DETROIT — Electric vehicle owners should be acutely aware that their cars might not get nearly the same range in the winter months, according to a new study released by AAA.
The study found that cold temperature can sap electric car batteries, temporarily reducing their range by more than 40 percent when heaters are used on the inside of the car.
“As long as drivers understand that there are limitations when operating electric vehicles in more-extreme climates, they are less likely to be caught off guard by an unexpected drop in driving range,” Greg Brannon, AAA’s director of automotive engineering, said in a statement.
During this past month’s polar vortex, many electric vehicle owners, including Tesla owners, complained about the lack of range and frozen door handles on their vehicles, AAA said.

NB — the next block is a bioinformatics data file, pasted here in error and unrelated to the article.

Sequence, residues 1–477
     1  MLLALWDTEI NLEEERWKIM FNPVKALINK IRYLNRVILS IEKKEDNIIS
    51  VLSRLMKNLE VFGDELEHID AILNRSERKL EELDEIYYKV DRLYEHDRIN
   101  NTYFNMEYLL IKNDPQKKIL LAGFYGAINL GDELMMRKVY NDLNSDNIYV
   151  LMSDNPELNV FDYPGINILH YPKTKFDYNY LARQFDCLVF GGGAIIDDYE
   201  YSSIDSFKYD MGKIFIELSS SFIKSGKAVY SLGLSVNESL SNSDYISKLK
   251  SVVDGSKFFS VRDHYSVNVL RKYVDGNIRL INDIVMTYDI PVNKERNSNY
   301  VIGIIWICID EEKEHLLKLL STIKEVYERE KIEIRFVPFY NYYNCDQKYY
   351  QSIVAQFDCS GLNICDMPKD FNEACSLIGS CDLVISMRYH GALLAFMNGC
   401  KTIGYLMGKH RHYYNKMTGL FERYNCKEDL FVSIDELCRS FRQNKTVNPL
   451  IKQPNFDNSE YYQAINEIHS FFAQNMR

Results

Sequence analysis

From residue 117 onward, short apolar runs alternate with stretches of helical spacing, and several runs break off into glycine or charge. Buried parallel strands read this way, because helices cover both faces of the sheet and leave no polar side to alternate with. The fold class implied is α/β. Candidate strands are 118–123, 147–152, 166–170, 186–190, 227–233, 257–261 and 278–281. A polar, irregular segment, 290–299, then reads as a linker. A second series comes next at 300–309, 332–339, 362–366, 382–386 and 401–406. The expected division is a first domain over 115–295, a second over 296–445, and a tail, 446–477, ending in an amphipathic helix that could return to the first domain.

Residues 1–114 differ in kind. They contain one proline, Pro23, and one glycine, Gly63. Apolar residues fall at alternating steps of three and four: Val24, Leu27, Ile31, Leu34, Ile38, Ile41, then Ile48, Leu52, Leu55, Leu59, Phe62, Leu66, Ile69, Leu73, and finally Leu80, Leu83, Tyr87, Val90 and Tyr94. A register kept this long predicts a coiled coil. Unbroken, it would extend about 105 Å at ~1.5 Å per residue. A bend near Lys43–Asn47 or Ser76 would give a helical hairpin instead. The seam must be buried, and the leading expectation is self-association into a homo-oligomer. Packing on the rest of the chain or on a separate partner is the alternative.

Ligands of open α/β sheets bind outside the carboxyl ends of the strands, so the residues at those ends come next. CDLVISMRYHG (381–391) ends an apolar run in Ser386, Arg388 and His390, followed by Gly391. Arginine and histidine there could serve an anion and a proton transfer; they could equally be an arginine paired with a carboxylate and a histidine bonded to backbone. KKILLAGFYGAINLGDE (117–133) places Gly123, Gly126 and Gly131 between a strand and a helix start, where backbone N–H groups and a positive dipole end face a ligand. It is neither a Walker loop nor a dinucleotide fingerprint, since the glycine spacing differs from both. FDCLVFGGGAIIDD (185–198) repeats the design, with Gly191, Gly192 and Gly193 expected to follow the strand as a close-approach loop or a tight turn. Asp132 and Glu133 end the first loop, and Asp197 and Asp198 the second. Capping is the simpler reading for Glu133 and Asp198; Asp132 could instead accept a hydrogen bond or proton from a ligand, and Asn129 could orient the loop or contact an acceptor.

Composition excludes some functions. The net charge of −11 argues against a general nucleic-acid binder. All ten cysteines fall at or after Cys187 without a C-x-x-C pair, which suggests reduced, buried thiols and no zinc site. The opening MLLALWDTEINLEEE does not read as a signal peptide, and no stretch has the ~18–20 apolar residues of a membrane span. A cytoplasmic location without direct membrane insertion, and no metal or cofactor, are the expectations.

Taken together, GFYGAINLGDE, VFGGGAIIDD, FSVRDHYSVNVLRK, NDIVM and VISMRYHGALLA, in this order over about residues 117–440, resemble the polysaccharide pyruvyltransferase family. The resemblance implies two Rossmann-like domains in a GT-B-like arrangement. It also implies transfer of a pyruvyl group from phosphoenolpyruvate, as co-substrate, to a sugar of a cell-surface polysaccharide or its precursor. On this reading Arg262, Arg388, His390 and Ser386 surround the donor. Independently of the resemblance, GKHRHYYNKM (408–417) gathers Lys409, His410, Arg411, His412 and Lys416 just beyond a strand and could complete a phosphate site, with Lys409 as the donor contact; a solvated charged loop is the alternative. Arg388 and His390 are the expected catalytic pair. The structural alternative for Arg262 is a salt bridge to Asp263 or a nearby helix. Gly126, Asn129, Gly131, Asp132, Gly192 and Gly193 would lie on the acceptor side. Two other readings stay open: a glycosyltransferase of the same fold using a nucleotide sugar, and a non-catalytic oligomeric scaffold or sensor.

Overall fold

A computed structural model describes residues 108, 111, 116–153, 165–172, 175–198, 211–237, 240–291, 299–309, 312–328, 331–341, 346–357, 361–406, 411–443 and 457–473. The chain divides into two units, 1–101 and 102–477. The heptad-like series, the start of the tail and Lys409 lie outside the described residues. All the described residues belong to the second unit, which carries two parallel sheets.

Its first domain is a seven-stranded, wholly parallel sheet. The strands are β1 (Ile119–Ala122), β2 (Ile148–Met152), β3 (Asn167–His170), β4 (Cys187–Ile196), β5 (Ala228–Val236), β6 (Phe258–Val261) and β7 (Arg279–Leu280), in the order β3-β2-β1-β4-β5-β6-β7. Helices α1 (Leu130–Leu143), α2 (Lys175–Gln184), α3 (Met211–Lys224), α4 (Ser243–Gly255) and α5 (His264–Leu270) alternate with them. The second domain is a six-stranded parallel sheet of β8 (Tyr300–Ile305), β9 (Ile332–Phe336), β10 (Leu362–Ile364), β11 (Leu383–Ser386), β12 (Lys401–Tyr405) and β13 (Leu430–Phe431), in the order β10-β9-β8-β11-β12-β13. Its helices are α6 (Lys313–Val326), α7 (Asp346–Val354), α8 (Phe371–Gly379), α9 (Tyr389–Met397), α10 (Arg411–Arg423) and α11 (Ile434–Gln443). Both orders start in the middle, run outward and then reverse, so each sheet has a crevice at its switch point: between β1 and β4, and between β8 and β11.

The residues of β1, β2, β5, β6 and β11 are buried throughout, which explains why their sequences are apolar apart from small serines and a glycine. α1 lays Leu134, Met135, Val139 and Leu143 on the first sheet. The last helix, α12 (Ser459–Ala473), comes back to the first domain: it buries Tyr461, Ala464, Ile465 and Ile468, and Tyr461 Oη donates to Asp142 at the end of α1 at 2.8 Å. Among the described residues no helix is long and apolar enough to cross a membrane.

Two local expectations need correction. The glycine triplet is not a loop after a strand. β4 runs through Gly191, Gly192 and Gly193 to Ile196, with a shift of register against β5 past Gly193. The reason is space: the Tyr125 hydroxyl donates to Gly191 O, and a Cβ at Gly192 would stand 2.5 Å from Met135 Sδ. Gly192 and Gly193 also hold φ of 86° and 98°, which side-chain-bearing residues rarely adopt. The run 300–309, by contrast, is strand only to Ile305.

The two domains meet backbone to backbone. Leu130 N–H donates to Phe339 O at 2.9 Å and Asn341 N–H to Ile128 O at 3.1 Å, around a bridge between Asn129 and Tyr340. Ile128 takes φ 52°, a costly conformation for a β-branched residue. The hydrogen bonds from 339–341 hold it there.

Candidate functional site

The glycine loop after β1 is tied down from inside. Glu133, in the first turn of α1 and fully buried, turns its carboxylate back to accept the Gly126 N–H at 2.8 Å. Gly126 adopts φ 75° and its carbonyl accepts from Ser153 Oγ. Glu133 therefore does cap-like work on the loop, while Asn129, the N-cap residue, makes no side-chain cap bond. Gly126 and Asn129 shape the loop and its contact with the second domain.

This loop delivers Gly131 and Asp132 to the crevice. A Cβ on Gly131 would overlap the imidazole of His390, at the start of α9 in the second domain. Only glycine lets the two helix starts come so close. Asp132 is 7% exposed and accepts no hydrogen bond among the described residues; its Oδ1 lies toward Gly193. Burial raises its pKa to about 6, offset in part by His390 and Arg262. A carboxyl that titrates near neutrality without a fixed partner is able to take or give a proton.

The models tested were BMW i3s, Chevy Bolts, the Nissan Leaf, the 2017 Tesla Model S 75D and Volkswagen e-Golf, which all get at least 100 miles per charge.
These vehicles were tested on a dynamometer, a treadmill-like device, in a climate-controlled cell.
At 20 degrees, the average driving range fell by 12 percent, and the range fell by 41 percent when the heater was turned on, AAA said.
Tesla disputed the results in a statement, but did not release a percentage relating to its cold weather range.
According to AAA, drivers should heat or cool their cars while still plugged into a charging station. Extra planning can maximize battery life, especially during cold temperatures when running out of power is stronger possibility.
A report from Green Car Reports disputed the AAA report, however, saying that AAA’s own 2016 data showed that electric vehicle owners did not get stranded often, regardless of the time of year.
“Yes, you’ll have to plug in more often in the winter,” the report said.
“Factors that come into play in range include the temperature of the battery, the interior temperature, driving habits and the type of driving conditions. You grow to understand those quite soon after owning an electric vehicle.”